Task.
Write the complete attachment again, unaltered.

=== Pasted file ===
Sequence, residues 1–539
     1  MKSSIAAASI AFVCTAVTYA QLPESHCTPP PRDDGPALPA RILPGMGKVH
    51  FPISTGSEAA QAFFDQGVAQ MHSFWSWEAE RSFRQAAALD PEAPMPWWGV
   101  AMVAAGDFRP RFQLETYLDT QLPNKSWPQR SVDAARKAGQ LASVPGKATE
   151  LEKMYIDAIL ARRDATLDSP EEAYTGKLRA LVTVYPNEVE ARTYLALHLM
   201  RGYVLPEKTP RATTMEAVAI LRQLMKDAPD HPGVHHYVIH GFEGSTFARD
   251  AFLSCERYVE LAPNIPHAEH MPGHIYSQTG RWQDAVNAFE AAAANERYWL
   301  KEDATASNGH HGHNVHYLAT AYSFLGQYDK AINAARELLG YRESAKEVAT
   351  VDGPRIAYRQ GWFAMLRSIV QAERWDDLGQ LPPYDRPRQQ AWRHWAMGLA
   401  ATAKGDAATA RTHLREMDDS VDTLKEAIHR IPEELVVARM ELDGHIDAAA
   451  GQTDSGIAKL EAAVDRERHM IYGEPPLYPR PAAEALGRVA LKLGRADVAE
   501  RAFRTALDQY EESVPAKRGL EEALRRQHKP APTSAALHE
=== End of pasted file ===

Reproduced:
Sequence, residues 1–539
     1  MKSSIAAASI AFVCTAVTYA QLPESHCTPP PRDDGPALPA RILPGMGKVH
    51  FPISTGSEAA QAFFDQGVAQ MHSFWSWEAE RSFRQAAALD PEAPMPWWGV
   101  AMVAAGDFRP RFQLETYLDT QLPNKSWPQR SVDAARKAGQ LASVPGKATE
   151  LEKMYIDAIL ARRDATLDSP EEAYTGKLRA LVTVYPNEVE ARTYLALHLM
   201  RGYVLPEKTP RATTMEAVAI LRQLMKDAPD HPGVHHYVIH GFEGSTFARD
   251  AFLSCERYVE LAPNIPHAEH MPGHIYSQTG RWQDAVNAFE AAAANERYWL
   301  KEDATASNGH HGHNVHYLAT AYSFLGQYDK AINAARELLG YRESAKEVAT
   351  VDGPRIAYRQ GWFAMLRSIV QAERWDDLGQ LPPYDRPRQQ AWRHWAMGLA
   401  ATAKGDAATA RTHLREMDDS VDTLKEAIHR IPEELVVARM ELDGHIDAAA
   451  GQTDSGIAKL EAAVDRERHM IYGEPPLYPR PAAEALGRVA LKLGRADVAE
   501  RAFRTALDQY EESVPAKRGL EEALRRQHKP APTSAALHE